Date of Award

2011

Degree Type

Dissertation

Degree Name

Doctor of Philosophy (PhD)

Department

Electrical Engineering and Computer Science

Advisor(s)

Howard A. Blair

Keywords

Cellular Automata, Convergence Spaces, Differential Scheme, Dynamical Systems, Hybrid Computation, Quantum Computation

Subject Categories

Electrical and Computer Engineering

Abstract

It is well-known that standard models of computation are representable as simple dynamical systems that evolve in discrete time, and that systems that evolve in continuous time are often representable by dynamical systems governed by ordinary differential equations. In many applications, e.g., molecular networks and hybrid Fermi-Pasta-Ulam systems, one must work with dynamical systems comprising both discrete and continuous components.

Reasoning about and verifying the properties of the evolving state of such systems is currently a piecemeal affair that depends on the nature of major components of a system: e.g., discrete vs. continuous components of state, discrete vs. continuous time, local vs. distributed clocks, classical vs. quantum states and state evolution.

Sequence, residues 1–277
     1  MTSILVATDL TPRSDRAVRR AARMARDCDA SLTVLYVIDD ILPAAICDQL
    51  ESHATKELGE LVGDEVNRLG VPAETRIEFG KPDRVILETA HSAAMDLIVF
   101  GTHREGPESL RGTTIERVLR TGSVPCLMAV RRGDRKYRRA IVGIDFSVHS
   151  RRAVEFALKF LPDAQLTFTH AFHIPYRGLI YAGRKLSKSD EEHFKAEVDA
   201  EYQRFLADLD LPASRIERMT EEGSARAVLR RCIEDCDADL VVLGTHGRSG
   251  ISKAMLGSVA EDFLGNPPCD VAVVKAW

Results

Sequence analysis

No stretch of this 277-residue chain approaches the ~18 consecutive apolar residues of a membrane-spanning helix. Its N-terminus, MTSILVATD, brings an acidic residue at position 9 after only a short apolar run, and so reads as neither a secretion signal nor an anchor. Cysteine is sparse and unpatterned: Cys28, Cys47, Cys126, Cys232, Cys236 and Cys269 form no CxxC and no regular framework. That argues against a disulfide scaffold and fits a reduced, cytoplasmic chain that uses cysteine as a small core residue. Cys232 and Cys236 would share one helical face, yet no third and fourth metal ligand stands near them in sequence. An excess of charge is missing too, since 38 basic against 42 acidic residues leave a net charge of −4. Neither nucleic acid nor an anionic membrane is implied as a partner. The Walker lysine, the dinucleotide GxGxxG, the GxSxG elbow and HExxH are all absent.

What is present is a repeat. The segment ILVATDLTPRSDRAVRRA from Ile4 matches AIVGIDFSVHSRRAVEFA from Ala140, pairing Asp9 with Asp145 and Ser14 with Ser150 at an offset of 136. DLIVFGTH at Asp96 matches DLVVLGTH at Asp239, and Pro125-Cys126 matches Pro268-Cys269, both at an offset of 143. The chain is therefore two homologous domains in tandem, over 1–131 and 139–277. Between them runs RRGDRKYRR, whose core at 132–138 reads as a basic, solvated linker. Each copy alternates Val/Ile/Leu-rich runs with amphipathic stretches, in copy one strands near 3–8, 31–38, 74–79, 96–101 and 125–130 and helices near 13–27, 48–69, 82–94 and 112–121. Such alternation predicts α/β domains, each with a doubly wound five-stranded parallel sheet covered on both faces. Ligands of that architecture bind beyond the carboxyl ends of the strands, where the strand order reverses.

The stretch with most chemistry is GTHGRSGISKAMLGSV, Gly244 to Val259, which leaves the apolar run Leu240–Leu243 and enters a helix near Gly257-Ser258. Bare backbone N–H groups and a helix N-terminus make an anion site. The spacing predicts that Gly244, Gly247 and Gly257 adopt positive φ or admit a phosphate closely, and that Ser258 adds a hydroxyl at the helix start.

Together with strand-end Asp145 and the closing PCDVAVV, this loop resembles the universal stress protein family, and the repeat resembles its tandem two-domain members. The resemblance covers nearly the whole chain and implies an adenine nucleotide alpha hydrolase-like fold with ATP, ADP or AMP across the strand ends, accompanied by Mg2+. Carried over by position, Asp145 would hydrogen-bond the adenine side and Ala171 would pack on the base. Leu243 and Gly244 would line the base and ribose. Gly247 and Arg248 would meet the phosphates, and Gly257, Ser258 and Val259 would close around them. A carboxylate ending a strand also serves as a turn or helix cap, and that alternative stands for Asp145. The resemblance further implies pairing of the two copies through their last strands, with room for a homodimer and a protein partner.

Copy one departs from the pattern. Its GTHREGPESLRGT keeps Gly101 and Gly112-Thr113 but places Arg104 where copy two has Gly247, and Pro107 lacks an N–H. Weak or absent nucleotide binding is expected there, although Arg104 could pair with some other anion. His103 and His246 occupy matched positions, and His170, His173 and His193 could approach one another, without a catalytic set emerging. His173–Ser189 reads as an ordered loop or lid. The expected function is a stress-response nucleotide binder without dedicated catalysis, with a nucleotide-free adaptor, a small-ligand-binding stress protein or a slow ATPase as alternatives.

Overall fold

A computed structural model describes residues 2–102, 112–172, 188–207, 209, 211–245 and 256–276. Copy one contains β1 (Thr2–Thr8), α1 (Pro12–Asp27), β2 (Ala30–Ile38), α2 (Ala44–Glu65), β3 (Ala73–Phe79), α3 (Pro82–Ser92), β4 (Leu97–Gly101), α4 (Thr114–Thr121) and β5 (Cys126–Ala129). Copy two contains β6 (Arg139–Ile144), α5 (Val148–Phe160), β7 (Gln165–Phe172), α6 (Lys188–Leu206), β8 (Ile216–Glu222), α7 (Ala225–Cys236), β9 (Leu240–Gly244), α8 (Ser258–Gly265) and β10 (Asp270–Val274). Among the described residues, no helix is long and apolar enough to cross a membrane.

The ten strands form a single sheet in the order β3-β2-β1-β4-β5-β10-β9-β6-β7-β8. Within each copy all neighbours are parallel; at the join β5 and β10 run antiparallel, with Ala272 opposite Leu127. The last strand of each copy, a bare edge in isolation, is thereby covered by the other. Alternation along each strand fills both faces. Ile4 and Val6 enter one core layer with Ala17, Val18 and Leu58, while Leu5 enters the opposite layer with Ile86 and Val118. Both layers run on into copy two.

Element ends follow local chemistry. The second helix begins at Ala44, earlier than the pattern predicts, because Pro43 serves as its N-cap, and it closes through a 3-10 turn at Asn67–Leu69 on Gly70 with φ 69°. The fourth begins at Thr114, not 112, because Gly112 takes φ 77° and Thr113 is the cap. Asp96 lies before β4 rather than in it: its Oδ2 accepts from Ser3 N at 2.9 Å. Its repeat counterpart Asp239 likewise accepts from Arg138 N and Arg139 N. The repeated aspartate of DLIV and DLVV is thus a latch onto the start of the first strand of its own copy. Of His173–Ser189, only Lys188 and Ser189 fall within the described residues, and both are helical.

We present the Differential Scheme as a unifying framework for reasoning about and verifying the properties of the evolving state of a system, whether the system in question evolves in discrete time, as for standard models of computation, or continuous time, or a combination of both. We show how instances of the differential scheme can accommodate classical computation.

We also generalize a relatively new model of quantum computation, the quantum cellular automaton, with an eye towards extending the differential scheme to accommodate quantum computation and hybrid classical/quantum computation.

All the components of a specific instance of the differential scheme are Convergence Spaces. Convergence spaces generalize notions of continuity and convergence. The category of convergence spaces, Conv, subsumes both simple discrete structures (e.g., digraphs), and complex continuous structures (e.g., topological spaces, domains, and the standard fields of analysis: R and C). We present novel uses for convergence spaces, and extend their theory by defining differential calculi on Conv. It is to the use of convergence spaces that the differential scheme owes its generality and flexibility.

Access

Open Access